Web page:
Ruff Majik. Picture: Supplied

For lovers of rock and metalcore, the annual Krank’d Up Music Festival is one of the more important calendar dates of the year. Entering its seventh year, the festival is set to take place on September 29 at the Sundowners venue in Alberton, south of Johannesburg.

Leading the charge of rockstars this year as the festival’s headline acts will be American thrash metalcore titans Miss May I and and UK tech-metal pioneers Sikth. The festival will also, as per usual, feature over 10 local bands, such as Southern Wild, Ruff Majik and Facing the Gallows, to name a few.

Catching up with Miss May I’s bass guitarist Ryan Neff, one thing that’s clear about their outfit is that the band is in a really good space. Their story starts about 10 years ago, when the group of high school friends start recording the music that would become their first album, Apologies Are For the Weak.

Miss May I is currently made up of Levi Benton, BJ Stead, Justin Aufdemkampe, Jerod Boyd and Ryan Neff.

Speaking about the band’s evolution thus far, Neff said most things have changed -except why the band makes the music that it does.

“Oh my goodness, it’s almost a totally different thing. The industry has changed, the world has changed, the way we tour has changed, the amount of competition in great bands out there has changed. So much is different, but the one thing that has stayed the same, fortunately, is that it’s still a great time for us. It’s why you still see us, 11 years later. It’s why we work so hard and put on all the shows we do,” he added.

What is the secret behind their staying power? Neff said it is being flexible enough to change frequently and experiment with new sounds, without losing the band’s core identity.

“We have always tried to ensure that we change the records up. They stay within the metalcore landscape, but each record is a little different.

“Although it may upset fans, I think it makes more fans want to come back for each record. Especially if they enjoyed your last. They want to see the other records in your catalogue and it makes it a bit more exciting to see what you come up with,” he said.

This is a pattern that began as early on as with their first album, which they recorded in between going to class.

This was the piece of music that introduced them to the world, as passionate, driven and all about the music. Neff, at the time, was with another band.

“It was three guys who were about to graduate from high school, with another who’d recently graduated (he was about one year removed). I remember being on the road, with another band at the time, and calling home to them ... listening to how stressed out they were. They would go to school, then go to our buddy, Joey, who recorded our first two records.

“Joey’s house at that time was about two hours away. They would go to school, drive to his house afterwards, record all night, till like two or three in the morning, have a nap, wake up and drive to school. It is really crazy what they went through to make that album,” he added.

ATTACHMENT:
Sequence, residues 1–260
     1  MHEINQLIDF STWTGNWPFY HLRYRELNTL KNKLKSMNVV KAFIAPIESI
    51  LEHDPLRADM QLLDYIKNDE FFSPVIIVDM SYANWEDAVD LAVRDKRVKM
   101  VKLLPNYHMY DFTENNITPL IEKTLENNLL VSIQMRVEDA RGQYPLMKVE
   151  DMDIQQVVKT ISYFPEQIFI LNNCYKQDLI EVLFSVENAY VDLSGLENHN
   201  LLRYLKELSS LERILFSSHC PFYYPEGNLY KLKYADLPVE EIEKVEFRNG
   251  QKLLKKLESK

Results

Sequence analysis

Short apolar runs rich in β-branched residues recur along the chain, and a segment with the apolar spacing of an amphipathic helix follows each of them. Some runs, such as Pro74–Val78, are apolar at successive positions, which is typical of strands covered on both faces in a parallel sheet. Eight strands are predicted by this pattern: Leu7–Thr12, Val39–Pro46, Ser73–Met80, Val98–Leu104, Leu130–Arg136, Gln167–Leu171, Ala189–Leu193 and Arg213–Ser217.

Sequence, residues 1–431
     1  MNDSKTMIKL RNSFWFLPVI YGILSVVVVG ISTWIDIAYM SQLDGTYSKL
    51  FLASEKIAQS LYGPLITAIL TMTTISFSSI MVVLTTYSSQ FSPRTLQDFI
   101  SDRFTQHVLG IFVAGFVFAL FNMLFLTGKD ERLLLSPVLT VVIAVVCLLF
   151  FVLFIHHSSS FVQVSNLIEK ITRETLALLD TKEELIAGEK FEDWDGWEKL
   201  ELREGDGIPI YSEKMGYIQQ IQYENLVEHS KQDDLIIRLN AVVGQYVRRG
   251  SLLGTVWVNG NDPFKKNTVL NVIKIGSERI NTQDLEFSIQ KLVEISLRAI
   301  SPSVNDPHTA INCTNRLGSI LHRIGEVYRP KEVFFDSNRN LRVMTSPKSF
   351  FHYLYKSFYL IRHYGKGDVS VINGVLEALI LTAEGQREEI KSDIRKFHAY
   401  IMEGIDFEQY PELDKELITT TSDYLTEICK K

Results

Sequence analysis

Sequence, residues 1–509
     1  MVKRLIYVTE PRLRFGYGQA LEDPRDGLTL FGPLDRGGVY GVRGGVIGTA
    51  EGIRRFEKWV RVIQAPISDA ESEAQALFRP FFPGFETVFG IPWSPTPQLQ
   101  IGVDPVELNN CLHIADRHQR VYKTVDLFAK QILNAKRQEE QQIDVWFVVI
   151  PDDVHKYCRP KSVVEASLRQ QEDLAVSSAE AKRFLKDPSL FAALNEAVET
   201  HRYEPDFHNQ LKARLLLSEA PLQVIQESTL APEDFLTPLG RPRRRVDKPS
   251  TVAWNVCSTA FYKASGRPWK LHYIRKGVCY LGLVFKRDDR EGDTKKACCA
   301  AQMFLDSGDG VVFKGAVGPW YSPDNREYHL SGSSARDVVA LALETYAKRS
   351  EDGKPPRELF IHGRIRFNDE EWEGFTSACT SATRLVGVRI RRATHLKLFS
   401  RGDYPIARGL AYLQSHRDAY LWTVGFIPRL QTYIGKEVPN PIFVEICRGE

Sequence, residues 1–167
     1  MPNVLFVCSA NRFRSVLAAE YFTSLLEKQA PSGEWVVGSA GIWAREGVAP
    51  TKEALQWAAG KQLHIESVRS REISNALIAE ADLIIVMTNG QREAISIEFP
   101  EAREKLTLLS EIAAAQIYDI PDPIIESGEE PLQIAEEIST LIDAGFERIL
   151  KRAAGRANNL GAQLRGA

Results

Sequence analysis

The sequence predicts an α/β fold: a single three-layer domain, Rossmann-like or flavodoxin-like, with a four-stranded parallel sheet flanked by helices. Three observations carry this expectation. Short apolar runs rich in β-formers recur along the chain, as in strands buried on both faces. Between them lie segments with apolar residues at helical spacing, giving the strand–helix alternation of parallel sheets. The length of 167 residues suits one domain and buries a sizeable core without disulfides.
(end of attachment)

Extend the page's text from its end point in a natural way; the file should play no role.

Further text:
Comparing that first project to their sixth album, Shadows Inside, Neff said the evolution of the band was clear.

“I think, naturally, if you have done anything as long as we have done this, you will grow and get new inspirations. We don’t write the way we used to; we’ve lived through serious technological changes which have changed the way we record. In that regard, the changes are a big reason for the change in sound,” he said.

Their latest album, a 10-track offering, comes at a time when Miss May I knows exactly who they are. Neff also said it comes off of the back of a period where their previous albums hadn’t been as successful as they’d hoped. While filled with some nervousness about it, they’re excited that they have this chance to fight another day. 

Neff likens this experience to that of a season in professional sport, where things haven’t been great and an opportunity to turn it all around presents itself.

“We just kind of have this determination, going into this album, to create a new beginning for ourselves. A little bit of a rebirth for the band. We even had new management.

“Everything around us felt new - even the way we’ve traditionally approached making music. It was also the longest we’d taken to record,” he said.

His favourite songs are Shadows Inside and Under Fire from this latest album.

It’s this album that tells of where they are right now, that they will be performing at the Krank’d Up festival next month, along with some crowd favourites from their previous albums. The festival will mark their first visit to the country after they could not make it to the 2017 edition of the festival.

Neff added that they were unaware of how big their audience was in the country, but that they were also looking forward to meeting their friends here and on the continent - which the band was very excited about: “People coming to see us can expect that we are a very high-energy band, very into crowd participation, but also we’ve planned a set that will get into our entire discography.

“We don’t know what albums specifically people are excited to hear but we’ll try to put together an eclectic set that touches a bit of every record we’ve recorded,” he added.

* The Krank’d Up Music Festival takes place on September 29 at Sundowners in Alberton. Tickets are available from Computicket, starting at R600.

sego_says

IOL